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Re: Conlang copyright

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  • Peter Bleackley
    ... My knowledge of IP law suggests that you have to use very similar tactics to defeat claims of ownership as you do to defend them. I used to work on the
    Message 1 of 169 , Oct 1, 2009
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      staving And Rosta:

      > Here is not the place for a broader discussion of the (im)morality of
      > intellectual property; my point here is just that it is not hard to
      > imagine IP law doing great harm to conlanging, and I for my part am much
      > more sympathetic to consideration of how to defeat claims of ownership
      > of languages (etc.) than to consideration of how to defend claims of
      > language ownership.
      >
      My knowledge of IP law suggests that you have to use very similar
      tactics to defeat claims of ownership as you do to defend them. I used
      to work on the Dirac Open Source video coding project, and in that case
      the BBC took out defensive patents on technologies that it was making
      available Open Source. Of course, an Open Source release should
      technically count as prior art for the purposes of defeating a patent,
      but some patent offices are notoriously bad at taking non-patent prior
      art into account.

      Pete
    • Galen Buttitta
      My apologies for being so late on the response here, but I found the Copyright Office rejection for D ni:
      Message 169 of 169 , May 7, 2014
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        My apologies for being so late on the response here, but I found the
        Copyright Office rejection for D'ni:

        <
        http://www.ipmall.info/hosted_resources/CopyrightAppeals/2004/Mark%20Hendricksen.pdf
        >


        On Sun, Apr 27, 2014 at 11:05 AM, Tristan <tongues+list@...> wrote:

        > > While *scripts* may not be able to be copyrighted (it'd be nice to see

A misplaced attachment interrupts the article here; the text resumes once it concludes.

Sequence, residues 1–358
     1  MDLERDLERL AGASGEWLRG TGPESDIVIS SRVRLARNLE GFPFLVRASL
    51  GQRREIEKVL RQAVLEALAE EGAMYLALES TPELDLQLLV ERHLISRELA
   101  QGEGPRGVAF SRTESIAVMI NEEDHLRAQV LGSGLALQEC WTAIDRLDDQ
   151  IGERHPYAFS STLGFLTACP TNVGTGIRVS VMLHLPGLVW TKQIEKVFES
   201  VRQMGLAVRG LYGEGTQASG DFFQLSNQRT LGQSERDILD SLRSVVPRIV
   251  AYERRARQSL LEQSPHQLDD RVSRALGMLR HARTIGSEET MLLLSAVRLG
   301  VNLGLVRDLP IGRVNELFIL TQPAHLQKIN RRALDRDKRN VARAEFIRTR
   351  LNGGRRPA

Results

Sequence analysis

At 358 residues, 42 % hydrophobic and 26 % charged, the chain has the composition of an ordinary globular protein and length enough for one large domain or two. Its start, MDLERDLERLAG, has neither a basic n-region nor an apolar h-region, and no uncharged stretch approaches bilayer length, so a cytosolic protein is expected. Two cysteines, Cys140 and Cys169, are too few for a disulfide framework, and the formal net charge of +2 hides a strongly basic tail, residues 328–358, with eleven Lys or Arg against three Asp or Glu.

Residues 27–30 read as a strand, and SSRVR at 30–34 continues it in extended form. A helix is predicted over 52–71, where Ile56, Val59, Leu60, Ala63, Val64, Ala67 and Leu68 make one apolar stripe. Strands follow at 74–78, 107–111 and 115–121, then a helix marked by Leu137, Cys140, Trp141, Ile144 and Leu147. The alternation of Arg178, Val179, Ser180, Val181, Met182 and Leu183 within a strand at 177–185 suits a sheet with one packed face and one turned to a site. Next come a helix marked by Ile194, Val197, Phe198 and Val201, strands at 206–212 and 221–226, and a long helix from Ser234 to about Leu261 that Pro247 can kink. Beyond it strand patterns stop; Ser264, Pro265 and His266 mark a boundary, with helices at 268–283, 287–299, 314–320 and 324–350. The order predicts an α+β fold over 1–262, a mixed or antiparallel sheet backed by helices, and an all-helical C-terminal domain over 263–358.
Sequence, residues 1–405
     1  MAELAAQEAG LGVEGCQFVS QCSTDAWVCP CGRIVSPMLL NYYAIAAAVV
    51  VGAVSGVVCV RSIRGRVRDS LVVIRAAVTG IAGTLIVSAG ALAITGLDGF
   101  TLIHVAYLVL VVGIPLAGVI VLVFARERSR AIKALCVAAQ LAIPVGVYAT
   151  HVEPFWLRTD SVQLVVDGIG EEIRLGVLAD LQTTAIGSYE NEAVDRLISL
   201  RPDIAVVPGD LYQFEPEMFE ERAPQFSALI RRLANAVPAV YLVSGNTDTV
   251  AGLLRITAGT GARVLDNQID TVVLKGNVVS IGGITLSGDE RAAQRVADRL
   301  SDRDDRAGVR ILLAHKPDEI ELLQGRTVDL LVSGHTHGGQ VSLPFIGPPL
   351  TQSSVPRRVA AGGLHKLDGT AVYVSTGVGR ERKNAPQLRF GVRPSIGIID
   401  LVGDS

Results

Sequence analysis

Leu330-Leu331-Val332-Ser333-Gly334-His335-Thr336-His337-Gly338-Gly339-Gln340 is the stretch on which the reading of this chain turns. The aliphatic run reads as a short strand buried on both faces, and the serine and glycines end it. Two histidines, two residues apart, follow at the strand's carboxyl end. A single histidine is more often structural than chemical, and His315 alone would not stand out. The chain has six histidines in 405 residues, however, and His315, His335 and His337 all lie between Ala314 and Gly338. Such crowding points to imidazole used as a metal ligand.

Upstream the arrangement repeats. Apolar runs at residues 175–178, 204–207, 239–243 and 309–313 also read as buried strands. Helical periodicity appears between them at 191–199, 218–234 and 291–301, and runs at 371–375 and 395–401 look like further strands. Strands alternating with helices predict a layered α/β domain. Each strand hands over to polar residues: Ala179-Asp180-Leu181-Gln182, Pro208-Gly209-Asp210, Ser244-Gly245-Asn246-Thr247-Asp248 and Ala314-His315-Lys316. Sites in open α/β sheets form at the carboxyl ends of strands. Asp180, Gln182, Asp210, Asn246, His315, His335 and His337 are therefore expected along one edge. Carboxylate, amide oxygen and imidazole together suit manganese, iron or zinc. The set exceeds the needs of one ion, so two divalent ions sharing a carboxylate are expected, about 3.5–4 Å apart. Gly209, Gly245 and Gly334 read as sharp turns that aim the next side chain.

> the
        > > judgement on that D'Ni case you're referring to, depending on how broad
        > or
        > > was written, it might be useful as jurisprudence on conlangs too),
        > *fonts*
        > > definitely are! So you may not for instance claim copyright on the Latin
        > > script, but Arial is definitely copyrighted! Once again, that's because
        > > while a script is a concept, a font is the expression of such a concept,
        > > which makes them a perfect fit for copyright.
        >
        > Not in the US.
        >
        > You can copyright software though, and lots of modern typefaces are
        > shipped as something that the court considers software.
        >
        > More or less this means that it's legal to distribute images or printed
        > material with any font you like, but not the (non-bitmap) font itself (or
        > say, a pdf with the font embedded in it, unless it's fair use.)
        >
        > Patents and Trademarks still apply though.
        >
        > See <
        > http://en.wikipedia.org/wiki/Intellectual_property_protection_of_typefaces
        > >
        > for better citations.
        >
        > tristan
        >
        > --
        > All original matter is hereby placed immediately under the public domain.
        >
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